But Ballard’s partner kills that mood quickly when he reminds Tim that they weren’t able to rescue the child. After some back-and-forth discussion, Ballard is asked how many pedophiles he has brought to justice, to which he replied:
It seems we’ve become a society that is satisfied with simply treating the symptoms of problems that exist, instead of tackling root causes and eradicating them.
Without spoiling the story the movie depicts, Tim Ballard is introduced to people who help him, as IMDB so clumsily described, “rescue hundreds of children from sex traffickers.” In reality, he formed Operation Underground Railroad and is actively saving kids from the maw of hell.
Ultimately, though, as Jim Caviezel explains during the credits, this movie isn’t about the actors or Tim Ballard or Angel Studios. It’s about the two children who were taken and forced into unspeakable acts that we MUST speak about. They are two young children who were forced into committing sex acts with adults much older than them. They are merely two among the millions of child slaves who are exploited in our country and our world in a child sex industry that generates over $150 BILLION / year. It’s also a movie about hope.
“Hope?” you ask. Let me explain. There’s a special message at the end of the movie, given by Jim Caviezel. He said:
We’ve all participated in socially-acceptable conversations like the ones mentioned previously regarding politics, the economy or even our favorite sportsball teams where the conclusion of everyone in the room is the same. “What’s does it matter, it’s not like we can make difference,” will be the mantra when it’s time to wrap up and go your separate ways.
However, we’re reminded of the power of the storyteller and the impact they can have on society. Abraham Lincoln credited Uncle Tom’s Cabin in his time for the rise in concern about slavery that ultimately lead to its abolition. People read that book, then shared their copy with friends. Others read it in libraries or through the serialized version printed in The National Era. They also heard the story retold by word-of-mouth.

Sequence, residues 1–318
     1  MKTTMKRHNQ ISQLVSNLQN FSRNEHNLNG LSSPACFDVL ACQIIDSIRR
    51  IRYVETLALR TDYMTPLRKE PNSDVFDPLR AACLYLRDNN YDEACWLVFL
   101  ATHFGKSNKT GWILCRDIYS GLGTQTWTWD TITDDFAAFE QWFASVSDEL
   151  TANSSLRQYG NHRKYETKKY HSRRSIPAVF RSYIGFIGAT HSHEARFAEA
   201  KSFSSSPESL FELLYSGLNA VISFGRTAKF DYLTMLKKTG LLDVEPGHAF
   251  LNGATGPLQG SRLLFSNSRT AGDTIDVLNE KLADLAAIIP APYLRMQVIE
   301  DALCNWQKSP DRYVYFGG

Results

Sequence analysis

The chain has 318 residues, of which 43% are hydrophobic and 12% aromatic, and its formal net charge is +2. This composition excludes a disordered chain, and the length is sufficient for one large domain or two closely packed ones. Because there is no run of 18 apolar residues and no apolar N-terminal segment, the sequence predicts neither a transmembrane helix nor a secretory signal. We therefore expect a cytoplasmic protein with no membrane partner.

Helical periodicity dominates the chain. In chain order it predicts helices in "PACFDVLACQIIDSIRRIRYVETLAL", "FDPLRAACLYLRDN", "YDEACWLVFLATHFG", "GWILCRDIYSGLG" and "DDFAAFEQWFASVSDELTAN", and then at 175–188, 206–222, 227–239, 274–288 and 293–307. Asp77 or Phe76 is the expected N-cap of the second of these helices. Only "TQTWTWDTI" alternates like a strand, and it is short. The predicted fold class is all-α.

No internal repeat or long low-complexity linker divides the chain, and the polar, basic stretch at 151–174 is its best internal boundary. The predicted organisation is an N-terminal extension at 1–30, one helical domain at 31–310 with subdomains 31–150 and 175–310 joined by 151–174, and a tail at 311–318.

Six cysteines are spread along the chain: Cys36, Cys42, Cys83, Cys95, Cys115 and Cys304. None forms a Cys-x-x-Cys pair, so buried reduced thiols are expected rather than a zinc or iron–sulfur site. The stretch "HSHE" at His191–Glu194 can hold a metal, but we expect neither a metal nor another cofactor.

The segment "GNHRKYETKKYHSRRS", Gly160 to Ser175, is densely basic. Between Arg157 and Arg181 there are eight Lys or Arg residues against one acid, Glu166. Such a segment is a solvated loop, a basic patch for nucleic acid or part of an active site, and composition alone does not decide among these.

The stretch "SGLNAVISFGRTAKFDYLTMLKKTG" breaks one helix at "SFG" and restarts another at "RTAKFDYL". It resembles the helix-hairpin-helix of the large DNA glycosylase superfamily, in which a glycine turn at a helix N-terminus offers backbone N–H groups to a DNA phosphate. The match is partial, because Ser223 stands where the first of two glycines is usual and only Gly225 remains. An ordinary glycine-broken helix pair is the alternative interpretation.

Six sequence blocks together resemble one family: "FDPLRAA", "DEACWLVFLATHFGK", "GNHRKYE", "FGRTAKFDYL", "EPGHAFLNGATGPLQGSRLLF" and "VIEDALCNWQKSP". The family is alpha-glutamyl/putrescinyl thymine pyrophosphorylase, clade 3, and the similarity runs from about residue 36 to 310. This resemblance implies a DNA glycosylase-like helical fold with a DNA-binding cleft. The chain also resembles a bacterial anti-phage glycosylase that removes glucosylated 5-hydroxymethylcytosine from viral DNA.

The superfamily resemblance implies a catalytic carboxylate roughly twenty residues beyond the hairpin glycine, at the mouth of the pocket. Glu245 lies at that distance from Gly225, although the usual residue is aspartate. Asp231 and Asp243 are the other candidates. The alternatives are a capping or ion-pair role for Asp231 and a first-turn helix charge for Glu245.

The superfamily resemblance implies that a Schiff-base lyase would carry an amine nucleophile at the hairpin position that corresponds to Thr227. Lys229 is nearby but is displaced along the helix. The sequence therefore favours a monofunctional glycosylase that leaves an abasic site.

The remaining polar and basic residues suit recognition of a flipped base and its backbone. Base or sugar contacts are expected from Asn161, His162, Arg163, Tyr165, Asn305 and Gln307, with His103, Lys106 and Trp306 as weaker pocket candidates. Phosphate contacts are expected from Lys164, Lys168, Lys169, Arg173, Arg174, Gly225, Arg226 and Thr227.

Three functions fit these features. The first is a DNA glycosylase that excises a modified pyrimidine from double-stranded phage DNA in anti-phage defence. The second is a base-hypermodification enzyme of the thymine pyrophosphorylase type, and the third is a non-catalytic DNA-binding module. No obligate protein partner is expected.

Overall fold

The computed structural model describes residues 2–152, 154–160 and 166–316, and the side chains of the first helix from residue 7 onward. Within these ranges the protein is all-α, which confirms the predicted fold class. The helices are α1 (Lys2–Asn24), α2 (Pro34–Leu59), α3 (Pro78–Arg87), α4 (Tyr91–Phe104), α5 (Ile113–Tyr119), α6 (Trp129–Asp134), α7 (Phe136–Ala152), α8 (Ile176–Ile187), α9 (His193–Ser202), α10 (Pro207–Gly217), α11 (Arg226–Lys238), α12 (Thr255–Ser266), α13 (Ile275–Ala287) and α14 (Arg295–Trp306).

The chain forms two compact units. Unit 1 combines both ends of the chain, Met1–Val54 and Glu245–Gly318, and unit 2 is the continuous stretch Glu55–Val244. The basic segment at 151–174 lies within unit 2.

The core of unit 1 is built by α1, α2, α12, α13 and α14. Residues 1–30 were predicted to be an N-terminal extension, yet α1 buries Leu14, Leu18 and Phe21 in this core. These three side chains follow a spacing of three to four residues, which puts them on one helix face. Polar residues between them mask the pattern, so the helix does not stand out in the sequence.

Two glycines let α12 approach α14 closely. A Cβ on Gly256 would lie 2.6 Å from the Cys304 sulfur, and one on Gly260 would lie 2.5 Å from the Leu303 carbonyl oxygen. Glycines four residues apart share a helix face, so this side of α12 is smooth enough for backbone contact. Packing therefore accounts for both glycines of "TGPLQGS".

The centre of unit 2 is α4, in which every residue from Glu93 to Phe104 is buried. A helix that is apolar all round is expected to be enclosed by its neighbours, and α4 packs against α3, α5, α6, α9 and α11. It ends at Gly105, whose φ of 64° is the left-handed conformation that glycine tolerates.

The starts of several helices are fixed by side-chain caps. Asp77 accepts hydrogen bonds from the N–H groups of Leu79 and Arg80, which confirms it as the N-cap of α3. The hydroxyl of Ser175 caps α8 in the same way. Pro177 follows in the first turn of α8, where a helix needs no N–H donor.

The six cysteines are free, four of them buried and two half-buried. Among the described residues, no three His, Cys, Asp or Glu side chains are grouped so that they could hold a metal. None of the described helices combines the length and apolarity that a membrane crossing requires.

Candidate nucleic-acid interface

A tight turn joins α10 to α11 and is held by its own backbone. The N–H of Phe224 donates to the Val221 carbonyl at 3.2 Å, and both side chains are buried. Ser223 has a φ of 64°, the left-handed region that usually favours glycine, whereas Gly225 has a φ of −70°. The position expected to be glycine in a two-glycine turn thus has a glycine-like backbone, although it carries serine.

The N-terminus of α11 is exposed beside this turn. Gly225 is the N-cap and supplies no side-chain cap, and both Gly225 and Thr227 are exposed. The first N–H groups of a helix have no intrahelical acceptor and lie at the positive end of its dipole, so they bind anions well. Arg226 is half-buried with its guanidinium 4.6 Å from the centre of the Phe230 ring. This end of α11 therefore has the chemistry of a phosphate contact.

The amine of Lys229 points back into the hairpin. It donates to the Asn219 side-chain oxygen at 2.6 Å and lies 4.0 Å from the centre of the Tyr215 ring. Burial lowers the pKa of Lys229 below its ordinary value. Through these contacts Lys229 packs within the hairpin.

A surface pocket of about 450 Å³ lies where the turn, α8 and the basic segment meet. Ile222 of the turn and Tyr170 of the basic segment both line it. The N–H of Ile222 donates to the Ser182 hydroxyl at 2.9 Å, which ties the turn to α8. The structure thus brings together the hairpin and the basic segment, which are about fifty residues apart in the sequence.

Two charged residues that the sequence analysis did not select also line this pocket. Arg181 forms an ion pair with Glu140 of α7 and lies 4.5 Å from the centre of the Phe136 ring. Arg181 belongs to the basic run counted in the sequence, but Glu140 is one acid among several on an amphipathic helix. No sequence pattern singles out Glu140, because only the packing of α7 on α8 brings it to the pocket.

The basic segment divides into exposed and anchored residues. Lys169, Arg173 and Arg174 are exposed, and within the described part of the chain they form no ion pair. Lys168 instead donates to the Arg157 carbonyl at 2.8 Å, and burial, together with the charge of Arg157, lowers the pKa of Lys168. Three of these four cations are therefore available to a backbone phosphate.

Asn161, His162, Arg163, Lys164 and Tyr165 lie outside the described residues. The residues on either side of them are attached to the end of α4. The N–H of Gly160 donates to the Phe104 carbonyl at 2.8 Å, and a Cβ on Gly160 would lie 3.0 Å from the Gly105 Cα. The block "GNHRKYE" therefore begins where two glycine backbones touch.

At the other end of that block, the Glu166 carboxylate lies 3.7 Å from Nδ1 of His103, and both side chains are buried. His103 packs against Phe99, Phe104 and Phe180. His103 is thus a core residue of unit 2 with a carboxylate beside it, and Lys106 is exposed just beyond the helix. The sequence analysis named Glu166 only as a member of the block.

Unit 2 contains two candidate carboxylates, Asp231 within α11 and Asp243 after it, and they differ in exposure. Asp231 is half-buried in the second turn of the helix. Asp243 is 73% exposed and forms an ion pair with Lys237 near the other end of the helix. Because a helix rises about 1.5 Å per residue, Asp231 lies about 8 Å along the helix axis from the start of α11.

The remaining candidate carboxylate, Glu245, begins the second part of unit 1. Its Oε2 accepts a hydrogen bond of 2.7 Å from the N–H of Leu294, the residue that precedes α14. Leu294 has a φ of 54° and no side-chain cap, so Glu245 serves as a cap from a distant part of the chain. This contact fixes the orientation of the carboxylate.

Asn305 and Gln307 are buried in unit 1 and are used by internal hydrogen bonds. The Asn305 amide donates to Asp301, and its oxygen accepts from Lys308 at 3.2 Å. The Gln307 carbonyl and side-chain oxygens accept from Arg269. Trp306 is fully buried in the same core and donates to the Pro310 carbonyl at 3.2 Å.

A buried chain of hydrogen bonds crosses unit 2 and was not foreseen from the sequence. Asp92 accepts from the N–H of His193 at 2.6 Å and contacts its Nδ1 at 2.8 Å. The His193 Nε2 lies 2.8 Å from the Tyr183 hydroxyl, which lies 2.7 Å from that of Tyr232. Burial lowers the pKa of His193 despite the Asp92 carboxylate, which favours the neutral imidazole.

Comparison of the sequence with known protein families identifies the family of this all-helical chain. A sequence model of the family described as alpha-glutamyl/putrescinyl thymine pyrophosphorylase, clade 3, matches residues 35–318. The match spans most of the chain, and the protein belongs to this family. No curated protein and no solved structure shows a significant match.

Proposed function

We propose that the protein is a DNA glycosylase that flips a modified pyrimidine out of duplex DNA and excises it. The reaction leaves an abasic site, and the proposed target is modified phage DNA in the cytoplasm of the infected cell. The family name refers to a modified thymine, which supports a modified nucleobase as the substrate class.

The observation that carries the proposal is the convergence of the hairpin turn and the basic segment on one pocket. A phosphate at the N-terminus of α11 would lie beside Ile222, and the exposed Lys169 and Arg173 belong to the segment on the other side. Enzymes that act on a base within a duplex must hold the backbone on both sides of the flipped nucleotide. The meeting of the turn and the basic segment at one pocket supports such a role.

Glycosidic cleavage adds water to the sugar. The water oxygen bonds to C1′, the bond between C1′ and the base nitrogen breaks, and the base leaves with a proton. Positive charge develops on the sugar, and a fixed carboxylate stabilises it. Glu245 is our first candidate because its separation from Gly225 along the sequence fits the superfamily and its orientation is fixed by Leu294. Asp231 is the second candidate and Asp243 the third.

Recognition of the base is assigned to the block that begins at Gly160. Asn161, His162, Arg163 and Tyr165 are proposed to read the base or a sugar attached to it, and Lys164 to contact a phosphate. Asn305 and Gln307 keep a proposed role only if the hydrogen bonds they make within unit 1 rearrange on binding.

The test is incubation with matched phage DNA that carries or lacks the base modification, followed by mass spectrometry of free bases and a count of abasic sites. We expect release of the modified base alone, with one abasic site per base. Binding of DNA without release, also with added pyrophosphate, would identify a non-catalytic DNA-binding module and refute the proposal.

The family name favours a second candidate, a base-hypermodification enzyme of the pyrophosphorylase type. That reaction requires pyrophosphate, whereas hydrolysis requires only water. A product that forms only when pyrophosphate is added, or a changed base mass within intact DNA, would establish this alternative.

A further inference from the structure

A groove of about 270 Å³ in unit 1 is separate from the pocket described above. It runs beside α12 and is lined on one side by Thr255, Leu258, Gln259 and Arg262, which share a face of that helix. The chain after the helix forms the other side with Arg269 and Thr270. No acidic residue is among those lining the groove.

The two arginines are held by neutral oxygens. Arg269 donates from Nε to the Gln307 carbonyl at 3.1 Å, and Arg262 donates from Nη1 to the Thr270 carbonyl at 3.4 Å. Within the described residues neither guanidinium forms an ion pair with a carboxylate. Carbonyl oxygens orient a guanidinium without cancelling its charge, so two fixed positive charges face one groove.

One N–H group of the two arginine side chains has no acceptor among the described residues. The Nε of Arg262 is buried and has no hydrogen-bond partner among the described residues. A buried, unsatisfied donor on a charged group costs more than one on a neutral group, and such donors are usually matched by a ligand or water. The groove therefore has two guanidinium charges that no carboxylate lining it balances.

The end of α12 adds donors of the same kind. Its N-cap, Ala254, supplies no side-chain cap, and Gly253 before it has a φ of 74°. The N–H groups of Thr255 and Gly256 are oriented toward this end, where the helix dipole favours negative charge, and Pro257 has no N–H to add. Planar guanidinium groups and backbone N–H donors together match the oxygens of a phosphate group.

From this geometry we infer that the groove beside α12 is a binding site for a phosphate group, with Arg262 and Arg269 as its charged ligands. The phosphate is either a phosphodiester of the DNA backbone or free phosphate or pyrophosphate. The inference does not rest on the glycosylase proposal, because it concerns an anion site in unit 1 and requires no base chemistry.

This can have the same impact. Jim continued by saying “We can make Sound of Freedom the Uncle Tom’s Cabin of 21st century slavery.” We are the storytellers that can make the same difference. Like those of Lincoln’s time, we can share this story, much like we do our favorite shows on Netflix or Hulu.
This brings me to the last part of my response to the post-movie text. “Our day will be defined by how we react to being told this story.” This is a problem that transcends political or religious beliefs. For those who are religious, you will eventually have to face a higher being knowing these heinous crimes are being committed against children. For those who believe nature got us where we are, consider how we view historical figures in our day through a lens of seemingly perfect knowledge and condemn entire generations for the acts of some. Complacency will be viewed by future historians just as poorly as those who were active participants, those who do nothing will be condemned right alongside the guilty.
Go see this movie, and tell this story. These kids’ story can be more powerful than the cartel kingpins, or presidents and congressmen, or even tech billionaires. Your voice will make a difference. Join and shout along in chorus with the kids who sang in this movie, “We, God’s Children, are not for sale.”